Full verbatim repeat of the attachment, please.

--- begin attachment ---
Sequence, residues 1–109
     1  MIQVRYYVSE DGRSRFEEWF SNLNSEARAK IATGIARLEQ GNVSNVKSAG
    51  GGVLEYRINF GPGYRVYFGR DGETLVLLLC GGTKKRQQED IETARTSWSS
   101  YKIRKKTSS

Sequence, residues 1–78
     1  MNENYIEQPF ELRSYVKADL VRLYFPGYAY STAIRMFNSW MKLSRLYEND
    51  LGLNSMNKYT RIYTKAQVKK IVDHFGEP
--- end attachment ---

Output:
Sequence, residues 1–109
     1  MIQVRYYVSE DGRSRFEEWF SNLNSEARAK IATGIARLEQ GNVSNVKSAG
    51  GGVLEYRINF GPGYRVYFGR DGETLVLLLC GGTKKRQQED IETARTSWSS
   101  YKIRKKTSS

Sequence, residues 1–78
     1  MNENYIEQPF ELRSYVKADL VRLYFPGYAY STAIRMFNSW MKLSRLYEND
    51  LGLNSMNKYT RIYTKAQVKK IVDHFGEP